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                   Tuesday, June 15, 2010 - 11:48PM CDT

6/15 SC IL close lightning/severe storms

By DAN ROBINSON
Storm Chaser/Photographer
25 Years of Storm Chasing
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HD CHASE VIDEO: Close lightning and severe storms in Fayette/Clay Counties, IL
HD CHASE VIDEO 2: Advancing gust front timelapse

Chased along the I-57 corridor between I-70 and I-64 for the first time today. With some deep layer shear, several outflow boundaries and strong instability, supercells were likely across the I-70/I-64 corridor on Tuesday. Storms began firing on two boundaries almost directly over New Baden, so I was able to start the chase from home. A storm southwest of New Baden became dominant, and I followed this storm east-northeast most of the day. Here is its appearance from New Baden to Albers:

click to enlarge:

After this, I followed the storm from Germantown to northeast of Carlyle Lake without stopping for photos, as it was not doing much at this stage. At St. Peter, a rapid-fire CG barrage as my storm quickly intensified was the highlight of the day - including several close strikes, one within about a tenth of a mile with the ground connection points visible.

click to enlarge:


I could watch close lightning strikes all day - they are my favorite storm phenomenon by far. The closest strike here was a textbook example of a 'split channel' flash, with two return stroke ground connections sharing a common channel partway to the ground. You can see that the low-level branching from the second stroke indicates a new stepped leader was generated from the divergence point down to the ground (no branching occurs above the divergence point on the second stroke):

On the video, you can see what causes the second return stroke to have to produce a new partial stepped leader. There is a longer-than-normal time gap between the return strokes, which causes the channel to decay. Normally, the return strokes are rapid-fire, with the time gaps between them small enough that the original channel stays conductive for subsequent strokes (via dart leaders) to use all the way to the ground. When channel decay occurs due to excessive time between strokes, the dart leader may hit a non-conductive channel mid-descent, at which point it converts to a stepped leader that forges a new path to ground.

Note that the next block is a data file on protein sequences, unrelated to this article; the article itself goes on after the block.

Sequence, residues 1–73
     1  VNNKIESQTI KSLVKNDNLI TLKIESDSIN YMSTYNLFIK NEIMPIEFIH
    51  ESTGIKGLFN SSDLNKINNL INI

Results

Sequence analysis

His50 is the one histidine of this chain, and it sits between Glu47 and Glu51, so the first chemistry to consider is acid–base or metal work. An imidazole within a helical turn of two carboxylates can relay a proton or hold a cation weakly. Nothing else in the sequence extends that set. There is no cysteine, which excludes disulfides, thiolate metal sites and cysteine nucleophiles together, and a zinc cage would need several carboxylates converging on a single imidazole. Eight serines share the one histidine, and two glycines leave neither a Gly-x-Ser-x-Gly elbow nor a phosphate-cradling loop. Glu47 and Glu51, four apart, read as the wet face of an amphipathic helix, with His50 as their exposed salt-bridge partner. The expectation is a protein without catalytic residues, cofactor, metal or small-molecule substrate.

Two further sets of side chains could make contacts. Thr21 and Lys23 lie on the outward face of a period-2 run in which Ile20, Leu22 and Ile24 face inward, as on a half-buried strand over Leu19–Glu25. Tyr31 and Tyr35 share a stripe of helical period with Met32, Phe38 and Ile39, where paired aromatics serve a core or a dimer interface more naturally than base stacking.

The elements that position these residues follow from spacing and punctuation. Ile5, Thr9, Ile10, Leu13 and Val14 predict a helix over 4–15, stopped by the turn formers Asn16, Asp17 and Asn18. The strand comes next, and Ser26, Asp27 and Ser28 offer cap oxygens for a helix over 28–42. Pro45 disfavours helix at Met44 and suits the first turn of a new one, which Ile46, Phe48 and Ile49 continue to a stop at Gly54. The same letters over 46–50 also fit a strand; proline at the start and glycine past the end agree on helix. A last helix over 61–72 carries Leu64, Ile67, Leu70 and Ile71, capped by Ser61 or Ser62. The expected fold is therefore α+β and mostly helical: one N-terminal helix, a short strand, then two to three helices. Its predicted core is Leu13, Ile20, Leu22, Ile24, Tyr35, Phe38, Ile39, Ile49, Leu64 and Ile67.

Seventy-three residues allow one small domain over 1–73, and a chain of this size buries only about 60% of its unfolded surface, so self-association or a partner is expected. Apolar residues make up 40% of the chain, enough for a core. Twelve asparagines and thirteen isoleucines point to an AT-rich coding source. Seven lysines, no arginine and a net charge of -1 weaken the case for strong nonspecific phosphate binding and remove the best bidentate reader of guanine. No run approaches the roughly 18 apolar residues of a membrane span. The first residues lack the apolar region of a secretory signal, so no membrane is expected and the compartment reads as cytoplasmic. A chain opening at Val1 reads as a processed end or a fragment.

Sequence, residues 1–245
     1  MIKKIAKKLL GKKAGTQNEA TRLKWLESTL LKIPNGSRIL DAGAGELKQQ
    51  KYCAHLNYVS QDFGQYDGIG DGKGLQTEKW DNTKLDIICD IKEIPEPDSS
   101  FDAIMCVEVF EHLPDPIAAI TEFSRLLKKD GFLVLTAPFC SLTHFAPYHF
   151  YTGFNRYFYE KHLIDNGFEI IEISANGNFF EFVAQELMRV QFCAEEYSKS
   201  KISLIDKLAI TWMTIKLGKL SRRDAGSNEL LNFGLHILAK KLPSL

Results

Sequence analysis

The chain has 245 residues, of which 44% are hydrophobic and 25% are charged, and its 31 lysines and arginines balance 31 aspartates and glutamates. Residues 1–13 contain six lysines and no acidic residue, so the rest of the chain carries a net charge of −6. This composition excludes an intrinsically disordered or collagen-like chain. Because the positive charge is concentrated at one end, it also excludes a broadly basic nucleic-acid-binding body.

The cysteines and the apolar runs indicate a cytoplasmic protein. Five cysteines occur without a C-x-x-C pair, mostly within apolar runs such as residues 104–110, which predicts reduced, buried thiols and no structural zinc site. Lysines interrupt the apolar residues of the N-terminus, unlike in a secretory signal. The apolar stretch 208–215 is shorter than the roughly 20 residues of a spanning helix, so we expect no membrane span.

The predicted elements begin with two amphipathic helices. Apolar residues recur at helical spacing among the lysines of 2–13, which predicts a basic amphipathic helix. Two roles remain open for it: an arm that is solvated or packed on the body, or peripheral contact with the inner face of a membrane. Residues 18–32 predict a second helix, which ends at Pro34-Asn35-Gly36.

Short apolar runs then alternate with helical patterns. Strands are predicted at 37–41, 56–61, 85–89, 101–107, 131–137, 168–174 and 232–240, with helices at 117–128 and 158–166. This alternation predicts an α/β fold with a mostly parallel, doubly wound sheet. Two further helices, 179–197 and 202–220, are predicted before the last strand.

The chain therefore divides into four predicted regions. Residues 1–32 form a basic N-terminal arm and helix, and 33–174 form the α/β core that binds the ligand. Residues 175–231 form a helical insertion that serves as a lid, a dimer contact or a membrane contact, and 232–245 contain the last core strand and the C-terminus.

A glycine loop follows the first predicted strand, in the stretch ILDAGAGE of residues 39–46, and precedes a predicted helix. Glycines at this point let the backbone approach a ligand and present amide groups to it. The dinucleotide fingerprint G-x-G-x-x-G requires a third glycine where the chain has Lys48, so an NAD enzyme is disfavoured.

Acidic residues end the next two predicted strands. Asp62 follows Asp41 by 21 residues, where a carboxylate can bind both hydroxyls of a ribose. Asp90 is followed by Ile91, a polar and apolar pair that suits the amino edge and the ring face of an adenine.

The lightning barrage continued for the next 30-40 minutes, but sadly I was not able to stop to shoot any more of it thanks to the upper support kicking in - causing the storms to accelerate eastward. I could barely stay ahead of the storm, stopping to shoot video would have allowed it to quickly bury me in precip. Furthermore, I discovered that the roads/terrain to the east of I-57 deteriorate significantly into curving, hilly, gravel-slickened, deep-pothole ridden roller coasters. The allowed my storm to get far ahead of me and out of range for further intercepts. A sudden, unsigned bridge closure at Ingraham was the final blow to the pursuit of the storm. The images are of the storm between St. Peter and Ingraham:

click to enlarge:

The main squall line was quickly approaching from the west, so I set up for one final pre-storm shot and let the line overtake me. In the second video above, you can see an area of tight rotation along the leading edge of the gust front that passed nearly overhead.

click to enlarge:

After I was clear of the line, I set up near Clay City facing east for anvil crawlers, but there was not much of a trailing stratiform lightning show. Some weak mammatus was the last subject of the day:

click to enlarge:

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The following comments were posted before this site switched to a new comment system on August 27, 2016:

Dan... I just found your "Open Road" series. I travel I-79 US-19 I-77 US-52 I-40 almost as much as you have. I grew up in Pittsburgh and have lived in North Carolina for the past 25 years. I enjoyed your Open Road Parts 3 and 4. Very familiar to me.
- Posted by Pete from North Carolina
does running in a storm attract lightning?
- Posted by kayla

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